Lawmakers call for MSU’s Simon to resign

January 18, 2018 GMT

Lansing – Calls for Michigan State University President Lou Anna Simon to resign mounted Thursday in the wake of a Detroit News report that sexual assault allegations reached at least 14 university representatives over two decades.

State House Minority Leader Sam Singh, Sen Curtis Hertel Jr. and Sen. Margaret O’Brien were among those who urged Simon to step down, joining the university’s student newspaper and House Speaker Tom Leonard, who made the call five weeks ago.

“The news is very disturbing,” said O’Brien, R-Portage and an MSU graduate. “I think it shows this is a bigger problem than anyone thought. It’s time for a leadership change at MSU. My patience is gone.”

Singh and Hertel, Democrats who represent East Lansing where Michigan State University is located, said it is clear that a “lack of leadership” among the university’s highest ranks allowed “victims to suffer in silence for too long.”

“We owe it to every survivor who had to endure this horrific torture to not only bring justice to the perpetrator, but also ensure that changes are made at the university to prevent this from ever happening again,” they said in a joint statement.” The current leadership of Michigan State University is clearly unable to handle that responsibility or help students and the university community rebuild.”

Singh and Hertel said they also “continue to call on the Legislature to exercise its oversight authority over the university until all those responsible are held accountable.”

Nassar, previously sentenced to 60 years in prison on child pornography charges, is facing sentencing in a separate sexual assault case this week in Ingham County, where more than 100 women have or are expected to deliver victim impact statements describing decades of sexual abuse by the former MSU gymnastics doctor.

O’Brien, a Portage Republican and MSU graduate, is leading a bipartisan Senate group developing legislation in response to the Nassar scandal, including bills that would require coaches to report sexual assault allegations by students and extend the statute of limitations for victims in criminal and civil cases.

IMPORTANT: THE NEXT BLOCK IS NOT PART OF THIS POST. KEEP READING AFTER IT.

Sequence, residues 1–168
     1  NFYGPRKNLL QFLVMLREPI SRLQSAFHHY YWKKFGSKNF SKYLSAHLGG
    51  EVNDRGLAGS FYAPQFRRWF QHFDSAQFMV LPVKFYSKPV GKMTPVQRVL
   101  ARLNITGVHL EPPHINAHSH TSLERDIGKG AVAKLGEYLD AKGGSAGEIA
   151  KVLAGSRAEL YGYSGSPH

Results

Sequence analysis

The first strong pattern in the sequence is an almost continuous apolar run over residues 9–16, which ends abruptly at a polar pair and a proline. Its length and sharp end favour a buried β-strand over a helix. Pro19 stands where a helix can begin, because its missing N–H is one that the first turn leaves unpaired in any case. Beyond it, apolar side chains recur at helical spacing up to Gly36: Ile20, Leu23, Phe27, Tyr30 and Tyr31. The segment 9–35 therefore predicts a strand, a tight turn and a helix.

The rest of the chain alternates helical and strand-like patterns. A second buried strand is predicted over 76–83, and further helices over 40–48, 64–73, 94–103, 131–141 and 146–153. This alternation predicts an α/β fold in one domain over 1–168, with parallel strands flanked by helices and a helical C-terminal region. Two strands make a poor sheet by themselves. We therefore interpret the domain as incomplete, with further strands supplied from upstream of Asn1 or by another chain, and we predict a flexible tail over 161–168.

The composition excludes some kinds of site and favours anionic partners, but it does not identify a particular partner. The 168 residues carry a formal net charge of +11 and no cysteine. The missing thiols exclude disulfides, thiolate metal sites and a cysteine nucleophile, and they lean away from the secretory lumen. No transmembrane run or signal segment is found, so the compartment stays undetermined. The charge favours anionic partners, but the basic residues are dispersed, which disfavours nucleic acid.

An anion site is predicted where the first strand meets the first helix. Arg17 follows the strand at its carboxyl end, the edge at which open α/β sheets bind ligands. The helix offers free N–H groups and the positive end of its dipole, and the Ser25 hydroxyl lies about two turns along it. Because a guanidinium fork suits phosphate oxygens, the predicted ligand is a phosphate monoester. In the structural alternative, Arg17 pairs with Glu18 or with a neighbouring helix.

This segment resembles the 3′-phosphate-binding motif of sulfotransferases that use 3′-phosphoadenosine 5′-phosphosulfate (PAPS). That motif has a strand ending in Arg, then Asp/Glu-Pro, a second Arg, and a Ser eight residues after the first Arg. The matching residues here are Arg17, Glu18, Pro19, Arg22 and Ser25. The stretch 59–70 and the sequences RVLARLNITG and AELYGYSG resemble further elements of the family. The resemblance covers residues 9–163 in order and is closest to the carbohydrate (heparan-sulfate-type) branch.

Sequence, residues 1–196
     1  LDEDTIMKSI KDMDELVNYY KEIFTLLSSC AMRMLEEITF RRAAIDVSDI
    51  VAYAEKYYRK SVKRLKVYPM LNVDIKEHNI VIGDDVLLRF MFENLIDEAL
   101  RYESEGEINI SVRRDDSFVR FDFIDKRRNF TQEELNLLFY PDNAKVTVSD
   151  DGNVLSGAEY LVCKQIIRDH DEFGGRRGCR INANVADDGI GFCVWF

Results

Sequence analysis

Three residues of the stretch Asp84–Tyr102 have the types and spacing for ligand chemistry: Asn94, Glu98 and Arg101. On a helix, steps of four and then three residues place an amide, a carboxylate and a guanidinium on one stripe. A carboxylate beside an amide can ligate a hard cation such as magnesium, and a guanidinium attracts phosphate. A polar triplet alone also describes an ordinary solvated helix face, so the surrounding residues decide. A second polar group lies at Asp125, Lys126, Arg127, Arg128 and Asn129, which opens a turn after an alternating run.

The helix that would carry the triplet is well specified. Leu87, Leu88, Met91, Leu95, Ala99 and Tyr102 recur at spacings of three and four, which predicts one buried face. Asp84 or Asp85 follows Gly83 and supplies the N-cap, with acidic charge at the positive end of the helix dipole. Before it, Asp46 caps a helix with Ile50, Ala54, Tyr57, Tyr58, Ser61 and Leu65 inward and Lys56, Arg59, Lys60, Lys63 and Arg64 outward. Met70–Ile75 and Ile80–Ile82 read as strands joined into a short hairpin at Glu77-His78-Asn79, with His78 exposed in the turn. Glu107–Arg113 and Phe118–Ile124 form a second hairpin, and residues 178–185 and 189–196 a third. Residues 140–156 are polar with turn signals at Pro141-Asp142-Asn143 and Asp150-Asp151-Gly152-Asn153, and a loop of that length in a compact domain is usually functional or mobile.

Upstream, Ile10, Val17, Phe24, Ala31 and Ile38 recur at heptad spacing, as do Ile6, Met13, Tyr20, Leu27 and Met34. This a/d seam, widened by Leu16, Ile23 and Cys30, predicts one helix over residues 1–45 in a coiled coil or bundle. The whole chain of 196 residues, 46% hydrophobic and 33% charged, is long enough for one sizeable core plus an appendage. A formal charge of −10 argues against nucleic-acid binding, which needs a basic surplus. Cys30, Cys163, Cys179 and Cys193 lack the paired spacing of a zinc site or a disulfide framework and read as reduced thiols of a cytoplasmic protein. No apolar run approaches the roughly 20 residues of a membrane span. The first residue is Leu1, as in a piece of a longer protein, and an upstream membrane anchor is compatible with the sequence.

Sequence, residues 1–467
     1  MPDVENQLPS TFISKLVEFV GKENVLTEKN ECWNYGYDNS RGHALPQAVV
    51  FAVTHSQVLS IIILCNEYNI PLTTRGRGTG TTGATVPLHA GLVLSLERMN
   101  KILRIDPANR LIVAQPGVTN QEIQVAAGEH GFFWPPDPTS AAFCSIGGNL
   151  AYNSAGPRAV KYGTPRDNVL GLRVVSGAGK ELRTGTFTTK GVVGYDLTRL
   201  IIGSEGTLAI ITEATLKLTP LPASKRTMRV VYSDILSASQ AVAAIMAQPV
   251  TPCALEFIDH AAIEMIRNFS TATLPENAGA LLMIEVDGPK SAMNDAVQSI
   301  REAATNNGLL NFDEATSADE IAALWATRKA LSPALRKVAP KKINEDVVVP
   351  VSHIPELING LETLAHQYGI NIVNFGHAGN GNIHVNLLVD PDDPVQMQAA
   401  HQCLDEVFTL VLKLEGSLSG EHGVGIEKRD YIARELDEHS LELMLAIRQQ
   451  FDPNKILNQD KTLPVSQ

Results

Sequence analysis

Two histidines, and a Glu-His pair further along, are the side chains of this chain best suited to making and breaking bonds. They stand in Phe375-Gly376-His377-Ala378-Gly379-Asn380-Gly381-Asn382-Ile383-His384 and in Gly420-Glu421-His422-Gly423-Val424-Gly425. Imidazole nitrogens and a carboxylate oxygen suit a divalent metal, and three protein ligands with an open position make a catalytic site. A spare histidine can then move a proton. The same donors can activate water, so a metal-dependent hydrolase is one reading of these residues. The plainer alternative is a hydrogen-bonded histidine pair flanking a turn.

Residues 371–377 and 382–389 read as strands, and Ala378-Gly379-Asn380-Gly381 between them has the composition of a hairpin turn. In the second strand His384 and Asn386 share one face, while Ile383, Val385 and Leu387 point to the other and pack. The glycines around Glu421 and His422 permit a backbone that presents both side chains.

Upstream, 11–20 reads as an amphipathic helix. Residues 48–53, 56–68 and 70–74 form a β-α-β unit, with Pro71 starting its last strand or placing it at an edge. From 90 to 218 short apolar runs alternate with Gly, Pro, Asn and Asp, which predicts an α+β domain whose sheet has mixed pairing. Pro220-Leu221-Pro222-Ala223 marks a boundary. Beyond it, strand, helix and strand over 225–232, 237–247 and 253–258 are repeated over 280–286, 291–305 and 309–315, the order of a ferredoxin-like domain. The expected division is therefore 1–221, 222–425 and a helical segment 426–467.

Journalists who have reported on university failings and victims who have identified holes in state law have been her primary source of information — not MSU, she said.

“I’ve been trying to work through this issue and make sure we understand all the problems, but it feels as though Michigan State is hiding behind a veil of secrecy (and is) more worried about financial liability than about how to correct their own policies or what was actually a culture,” O’Brien said.

“Fourteen people got reports of sexual assault and didn’t do anything. That’s a culture that is not helpful for young people.”

As The News first reported, Simon on Wednesday confirmed she was informed in 2014 that a Title IX complaint and a police report had been filed against an unnamed sports medicine physician. Simon has been president of MSU since 2004.

“I told people to play it straight up, and I did not receive a copy of the report,” Simon said. “That’s the truth.”

But O’Brien and other colleagues say Simon should have done more with that information. Sen. Tonya Schuitmaker, R-Lawton, stopped short of calling for Simon’s resignation but said “it’s not looking good” for the embattled university president.

Schuitmaker, part of the group working on response legislation, said she wants to create a process for alleged victims to appeal university-led Title IX investigations to Child Protective Services or an outside prosecutor.

Every sexual assault or harassment allegation on a university campus should be shared directly with the president of that university, Schuitmaker said, noting she could include a requirement in next year’s budget she’ll help develop as chair of the Senate Appropriations Subcommittee on Higher Education

“We’ll be looking at language in the appropriations process to provide more accountability and justice to the victims” of Nassar, she said.

Leonard, a DeWitt Republican who is competing with Schuitmaker for this year’s GOP nomination for attorney general, has suggested the House could also use the upcoming budget process to scrutinize MSU.

Rep. Kim Lasata, a Brainbridge Township Republican who chairs the House budget subcommittee on higher education, said the panel could ask university officials to testify this spring.

“We want to make sure Michigan State is transparent,” she said. “Maybe they need to clean house, whatever the case may be, but the emphasis should be on victims and making sure they get what they need.”

LaSata said Simon “should consider resigning” in order to help the university rebuild public trust, but she added: “I don’t think I have the right to tell her to leave.”